Ramona Design Review Board approved the stucco colors for the new library, as well as building colors and adjustments for the Palomar Pomerado Health satellite center at its Nov. 19 meeting.
Board members had directed the design team of architects Philip Pape of Ferguson, Pape, Baldwin Architects and Manuel Oncina of Oncina Architects Inc. to modify the proposed stucco colors for the library because they felt the colors were too bright. After reviewing different color samples at the last meeting, the board asked to see the entire palette of materials to be used, including the exterior stone, before making a decision.
The palette was displayed at the library groundbreaking on Monday, Nov. 16, featuring a “rock ‘n oak” warm neutral color and a “campfire” color family of oranges and tans.
“The colors looked really good out in the sunlight,” said Carol Wylie, board president, who was at the groundbreaking.
Although there are still some questions regarding landscaping and lighting for the library site, the board said those could be discussed at a later date, and approved the stucco colors. Tom Fincher, chief of project management with the San Diego County Department of General Services, represented the library project at the meeting and said the grand opening of the library is expected in December 2010.
With several months having passed since representatives for Palomar Pomerado Health made a presentation before the Design Review Board for its satellite medical clinic, architect Aaron Werner of Childs, Mascari, Warner Architects and Michael Shanahan, director of facilities planning development for Palomar Pomerado Health, attended the meeting with site plan changes.
The approximately 37,000-square-foot clinic to be built on Main Street between 13th and 14th streets will house an urgent care, an outpatient clinic and medical offices.
“In March we appeared before you and received some very valuable comments regarding the design of the project,” said Werver. “We were then back in April presenting some of the changes that had been made on some of those comments.”
Werner said they had made some minor adjustments to the landscaping and adjustments to material selections, per board suggestions. These changes, he said, were presented to the board in April but they were asked to come back after resubmitting these plans to the county. Werner presented a sample board of the material selections to design review members.
According to Werner, since resubmitting the package to the county in July, PPH has been working primarily with Caltrans on the median that Caltrans is requiring on Main Street.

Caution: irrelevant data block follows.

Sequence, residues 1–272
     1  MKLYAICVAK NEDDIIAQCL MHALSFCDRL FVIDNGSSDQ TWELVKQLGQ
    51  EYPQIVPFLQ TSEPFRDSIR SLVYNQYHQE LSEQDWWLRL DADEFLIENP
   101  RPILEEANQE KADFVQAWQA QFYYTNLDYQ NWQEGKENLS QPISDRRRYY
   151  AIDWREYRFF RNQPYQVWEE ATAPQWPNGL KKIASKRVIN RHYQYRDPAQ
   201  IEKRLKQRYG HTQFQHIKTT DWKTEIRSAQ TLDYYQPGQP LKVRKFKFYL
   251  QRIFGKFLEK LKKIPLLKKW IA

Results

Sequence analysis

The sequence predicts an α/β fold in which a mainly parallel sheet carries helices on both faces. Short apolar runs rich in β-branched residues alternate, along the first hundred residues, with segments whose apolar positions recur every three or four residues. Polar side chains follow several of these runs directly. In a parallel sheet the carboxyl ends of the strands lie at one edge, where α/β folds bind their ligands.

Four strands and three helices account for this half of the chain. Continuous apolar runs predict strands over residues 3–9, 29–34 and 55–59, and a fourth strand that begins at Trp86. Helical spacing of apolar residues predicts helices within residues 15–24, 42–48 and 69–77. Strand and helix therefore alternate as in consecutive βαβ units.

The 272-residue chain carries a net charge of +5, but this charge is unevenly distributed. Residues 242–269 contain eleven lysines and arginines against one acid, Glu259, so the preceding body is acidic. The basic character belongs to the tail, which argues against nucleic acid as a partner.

“At this time we have resolved the issues with Caltrans and all the outstanding comments from the county, so we’re back today to present the current status of the project and ask for your support and approval,” Werner said.
“I think you did a great job with elevation on all four sides,” said member Debbie Klinger.
Board member Chris Anderson said one issue still outstanding is B Street along the back of the property. Currently B Street does not continue past 12th Street. Anderson, who is also chair of the Ramona Community Planning Group, said the planning group was working with the Ramona Village Design Group about the possibility of B Street continuing through to 14th Street. Doing so would allow connectivity with the RICC (Ramona Intergenerational Community Center), which will be at Main and 13th streets, she said.
Werner said he had heard that such a connection would not be on the PPH parcel.
Anderson said it was discussed at a Caltrans meeting and the planning group has been waiting to discuss it with PPH representatives for six months.
According to Werner, Caltrans had signed off on all their project issues.
“All I can tell you is that on our project right now the county and Caltrans told us that those issues are clear and that’s why we actually came back to you tonight,” said Werner.
Jeff Gan with Re/Max said there is no existing easement or dedication on the property.
Anderson said her concern is that, if an easement exists, it could affect the parking for the clinic.
Wylie said she didn’t believe B Street was a concern of the design review board.
The board voted to approve the colors and adjustments made to the PPH facility as submitted. Anderson abstained.
Gan brought up the Caltrans median by CVS pharmacy and suggested triangular medians be used instead.
“Caltrans is making a hazard for everybody,” Gan said, and several people agreed.
In another issue, the board reviewed the site plan for the Spirit of Joy Lutheran church, but tabled approval until more information is received.
Following discussion about the height of the church’s bell tower, board member Rob Lewallen made a motion, which the board approved, that all future towers be limited to a maximum height of 50 feet.